I always think that location is somewhat important for a startup, and I always think that USA is a perfect place for a startup because it has a large market (of 300 million people). My (premature) assumption is that if you can reach the American market, you can reach the rest of the world because if you can grab a large market in US, that can make it easier to convince the rest of the world market.
Sure everybody say that with a startup you can be virtually anywhere, but you need to be close to the market to do the marketing. CMIIW. If you can be in the US, you can market your product, and the US market will do the marketing to the rest of the world. And again, how many big names (like facebook, twitter, etc) that comes from outside of US?
I also see that the Americans seems to be more willing to spend some money for memberships compared to other parts of the world. Maybe because the income rate there is higher?
I'm not trying to throw a flamebait here, I'm just trying to prove whether my (premature) assumption is right or wrong and opening up a discussion. I haven't been in the US myself, but this is the way I see it, so please correct me if I'm wrong. Anybody got any thoughts or different point of view about this?
Location is very important to your startup. It is important that you have access to the talent that you need to build your business, as well as the market who will become your customers. Within the US some areas are better than others depending on the type of business you are starting. For instance, a technology startup has access to a larger number of software developers in Silicon Valley than you would in a city that doesn't have a technology culture.
You can start a business anywhere, but if you don't have access to talent to grow it, capital to fund it, or customers to feed it, you will start out with obstacles in an already difficult path.
I would say this depends greatly on your skill set, business goals, and available on hand funding.
If you are looking to attract funding, have a moment of rapid growth that leads to a exit strategy, I would certainly say head to Silicon Valley.
On the other hand, if you plan on keeping the company running and not exiting, and you have the needed skills, and can fund the company some how staying out of the USA might not be a bad move.
Silicon Valley is extremely expensive, and if you aren't looking to be bought out, to obtain funding, or need to physically hire people then there is probably little point of being there. You might instead move to one of the cheapest places in the world, and simply hire employees/contractors if you need them remotely and manage them remotely. Your costs can be much lower, same with taxes, and you may have other benefits like country provided health care, etc.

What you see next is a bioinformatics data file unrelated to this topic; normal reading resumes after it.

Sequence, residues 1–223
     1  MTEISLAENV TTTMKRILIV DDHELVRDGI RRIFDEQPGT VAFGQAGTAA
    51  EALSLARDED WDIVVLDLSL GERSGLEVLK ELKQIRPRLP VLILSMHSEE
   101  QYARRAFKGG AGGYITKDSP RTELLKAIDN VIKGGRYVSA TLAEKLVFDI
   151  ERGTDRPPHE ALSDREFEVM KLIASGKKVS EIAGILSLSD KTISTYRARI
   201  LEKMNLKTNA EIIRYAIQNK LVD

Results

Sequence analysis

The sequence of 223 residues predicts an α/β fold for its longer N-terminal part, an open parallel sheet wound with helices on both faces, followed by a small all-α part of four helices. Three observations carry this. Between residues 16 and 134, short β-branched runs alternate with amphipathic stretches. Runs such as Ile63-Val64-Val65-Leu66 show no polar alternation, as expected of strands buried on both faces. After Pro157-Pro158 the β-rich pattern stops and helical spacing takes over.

The answer depends on the business. For real estate, location is everything, for a website, location is not that relevant.
I heard a lecture by the founder of friendly robotics, which makes robots the mow the lawn, and he said that the company assumed that their main market would be the united states, but it turned out that the European market is better for them, since the competition is not as fierce there, the lawns are smaller (smaller robots can take care of the entire lawn) and other factors that they did not consider when they started the business.
Answers.com is ranked number 13 in the united states and 39 globally, and it is an Israeli website. Shopping.com was also Israeli until it was sold to eBay. Orkut was not from the US until Google bought them. You might need to visit the vally from time to time, but you don't have to be in the US to start a company.
The best place, by far, to build a tech startup is the San Francisco Bay Area. For one thing, yes, the US market is more developed and has a very large audience ready to consume technology. But more importantly, in the Bay Are you will be around a very large number of like minded entrepreneurs and talent. You will have a much better time hiring, comparing notes, setting up partnerships, raising money and selling product.
Here's what answers I got in a related question: